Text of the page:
What is now a dusty patch of dirt west of Salt Lake City International Airport will soon become Delta Air Lines’ largest investment in training outside of its Atlanta headquarters.
Officials from Delta busted out the shovels Thursday for a ceremonial groundbreaking of the carrier’s new pilot training center at the corner of Wright Brothers and Amelia Earhart drives. When the roughly 47,000-square-foot center opens in 2025, it will host classrooms, briefing rooms and four flight simulators.
“We looked at a lot of other places to go to,” said Brad Sheehan, Delta’s vice president of flight training and standards, “and this one, for a variety of reasons, stood out to us.”
Delta will lease the land from the airport into the 2050s and have the capacity to expand the center to host up to 10 flight simulators.
“We’re committed,” Sheehan said. “We’re going to be here for a long time.”
Setting up shop in Salt Lake City made a lot of sense for the airline, Sheehan said, because about a quarter of the carrier’s 16,000 pilots are based west of the Mississippi River. They will have an easier time getting to Utah than to Atlanta, where the company opened its first training center in 1968.
About 5,400 Delta employees call the Beehive State home, and more than 1,000 of the company’s pilots are officially based in Salt Lake City.
John Laughter, Delta’s executive vice president and chief of operations, said the new center will have a “profound impact” on the company’s training capabilities and improve access to those opportunities.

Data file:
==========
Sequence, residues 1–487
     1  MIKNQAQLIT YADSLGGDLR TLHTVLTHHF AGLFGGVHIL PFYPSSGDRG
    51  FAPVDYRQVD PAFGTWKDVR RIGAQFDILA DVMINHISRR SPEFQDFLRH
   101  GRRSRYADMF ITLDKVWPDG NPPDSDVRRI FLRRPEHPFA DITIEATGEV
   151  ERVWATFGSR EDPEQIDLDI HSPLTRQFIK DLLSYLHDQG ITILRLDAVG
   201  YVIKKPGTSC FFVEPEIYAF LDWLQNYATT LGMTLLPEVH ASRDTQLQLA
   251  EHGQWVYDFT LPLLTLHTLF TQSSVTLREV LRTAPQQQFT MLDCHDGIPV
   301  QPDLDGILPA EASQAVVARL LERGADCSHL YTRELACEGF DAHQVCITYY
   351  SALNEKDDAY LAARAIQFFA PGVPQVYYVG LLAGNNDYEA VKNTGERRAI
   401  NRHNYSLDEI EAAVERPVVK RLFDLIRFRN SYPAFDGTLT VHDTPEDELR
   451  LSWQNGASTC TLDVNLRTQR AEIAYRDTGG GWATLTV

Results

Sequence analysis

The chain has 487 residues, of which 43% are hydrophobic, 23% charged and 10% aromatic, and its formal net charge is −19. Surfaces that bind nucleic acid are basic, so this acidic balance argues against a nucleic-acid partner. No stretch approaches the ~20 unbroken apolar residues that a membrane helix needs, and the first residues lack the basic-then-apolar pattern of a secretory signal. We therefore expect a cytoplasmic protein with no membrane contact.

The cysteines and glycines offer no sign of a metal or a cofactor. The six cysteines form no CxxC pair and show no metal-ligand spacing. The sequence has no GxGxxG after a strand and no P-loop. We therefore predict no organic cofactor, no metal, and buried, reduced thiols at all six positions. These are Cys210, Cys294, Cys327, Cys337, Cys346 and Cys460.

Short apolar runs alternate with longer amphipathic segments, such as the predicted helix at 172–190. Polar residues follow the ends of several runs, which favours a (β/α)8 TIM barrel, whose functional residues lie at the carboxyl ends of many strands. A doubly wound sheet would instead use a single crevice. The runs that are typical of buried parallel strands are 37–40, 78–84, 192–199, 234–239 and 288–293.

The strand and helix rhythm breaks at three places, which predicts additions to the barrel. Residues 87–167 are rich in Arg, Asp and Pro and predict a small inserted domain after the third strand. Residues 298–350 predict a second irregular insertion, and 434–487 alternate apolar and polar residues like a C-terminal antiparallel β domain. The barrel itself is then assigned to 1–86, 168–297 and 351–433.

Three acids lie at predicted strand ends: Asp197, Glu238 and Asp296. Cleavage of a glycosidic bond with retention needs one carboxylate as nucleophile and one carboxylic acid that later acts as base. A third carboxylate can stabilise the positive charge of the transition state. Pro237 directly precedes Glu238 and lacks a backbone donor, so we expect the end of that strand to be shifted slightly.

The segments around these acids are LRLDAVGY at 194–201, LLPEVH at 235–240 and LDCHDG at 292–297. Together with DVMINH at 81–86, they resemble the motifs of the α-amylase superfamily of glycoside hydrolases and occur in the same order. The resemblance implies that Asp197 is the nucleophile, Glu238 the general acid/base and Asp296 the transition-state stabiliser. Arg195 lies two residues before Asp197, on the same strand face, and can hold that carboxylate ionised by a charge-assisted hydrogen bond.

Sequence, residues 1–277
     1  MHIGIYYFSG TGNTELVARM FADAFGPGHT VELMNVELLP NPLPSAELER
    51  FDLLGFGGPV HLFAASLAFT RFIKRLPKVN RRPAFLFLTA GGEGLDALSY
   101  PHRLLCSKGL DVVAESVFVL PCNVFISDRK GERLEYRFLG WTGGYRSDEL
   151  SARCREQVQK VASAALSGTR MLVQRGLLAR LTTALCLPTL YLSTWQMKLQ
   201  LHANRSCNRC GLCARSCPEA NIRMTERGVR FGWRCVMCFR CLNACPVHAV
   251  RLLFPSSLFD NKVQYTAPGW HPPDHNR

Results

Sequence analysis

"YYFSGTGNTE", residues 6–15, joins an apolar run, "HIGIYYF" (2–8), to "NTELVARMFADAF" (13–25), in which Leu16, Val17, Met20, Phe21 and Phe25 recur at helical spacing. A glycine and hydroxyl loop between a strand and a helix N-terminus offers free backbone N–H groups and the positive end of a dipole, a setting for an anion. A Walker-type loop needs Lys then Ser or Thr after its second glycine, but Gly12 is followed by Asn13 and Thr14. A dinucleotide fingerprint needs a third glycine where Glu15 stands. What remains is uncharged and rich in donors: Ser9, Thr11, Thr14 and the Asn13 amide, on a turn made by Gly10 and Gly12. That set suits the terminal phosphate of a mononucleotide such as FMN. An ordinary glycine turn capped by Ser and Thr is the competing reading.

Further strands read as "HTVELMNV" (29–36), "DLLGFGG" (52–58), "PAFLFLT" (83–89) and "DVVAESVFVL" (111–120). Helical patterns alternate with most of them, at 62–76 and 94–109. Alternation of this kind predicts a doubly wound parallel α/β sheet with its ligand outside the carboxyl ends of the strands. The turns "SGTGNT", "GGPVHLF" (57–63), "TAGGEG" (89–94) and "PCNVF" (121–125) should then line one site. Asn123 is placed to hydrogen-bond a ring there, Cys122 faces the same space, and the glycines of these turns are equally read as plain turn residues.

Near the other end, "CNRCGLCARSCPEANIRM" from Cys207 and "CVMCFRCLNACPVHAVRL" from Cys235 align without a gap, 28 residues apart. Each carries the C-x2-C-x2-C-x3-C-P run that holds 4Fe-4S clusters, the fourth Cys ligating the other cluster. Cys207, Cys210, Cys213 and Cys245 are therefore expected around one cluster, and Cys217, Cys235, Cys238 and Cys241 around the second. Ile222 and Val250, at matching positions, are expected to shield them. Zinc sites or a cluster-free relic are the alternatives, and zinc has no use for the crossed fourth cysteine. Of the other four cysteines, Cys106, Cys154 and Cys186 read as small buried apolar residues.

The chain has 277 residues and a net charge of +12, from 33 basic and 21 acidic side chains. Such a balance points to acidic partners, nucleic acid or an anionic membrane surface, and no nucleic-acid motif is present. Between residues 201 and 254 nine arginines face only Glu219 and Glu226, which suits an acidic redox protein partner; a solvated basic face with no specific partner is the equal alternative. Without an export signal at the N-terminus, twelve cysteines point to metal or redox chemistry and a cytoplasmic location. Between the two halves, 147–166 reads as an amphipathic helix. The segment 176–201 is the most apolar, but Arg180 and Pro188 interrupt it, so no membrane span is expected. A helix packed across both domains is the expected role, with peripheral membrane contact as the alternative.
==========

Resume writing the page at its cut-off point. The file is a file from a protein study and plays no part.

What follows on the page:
“This training facility represents our commitment to a brighter future,” Laughter said, “where Delta continues to soar to new heights, driven by our unwavering determination and the trust of our valued passengers.”
Thursday’s event marked the carrier’s first public acknowledgment of the planned training center since the first details on the project emerged last year, and the latest step in the company’s expanding footprint in the Salt Lake City market.
“We are so fortunate to have a partner like Delta Air Lines,” Mayor Erin Mendenhall said, “whose commitment to Salt Lake City is evident every time we break ground or we open a new project or expand our partnership.”
In December, the company finalized a deal to keep a hub in Utah’s capital until at least 2044, with an option to extend the contract another decade beyond that.
Then, in January, the carrier announced a deal to revive the Delta Center arena name at the downtown home of the Utah Jazz.
Delta opened five new gates on the airport’s expanded concourse A in May and has additional gates scheduled to come on line this year.
When construction wraps on both existing concourses of the new airport, Delta will occupy all of A gates and more than a third of the B gates.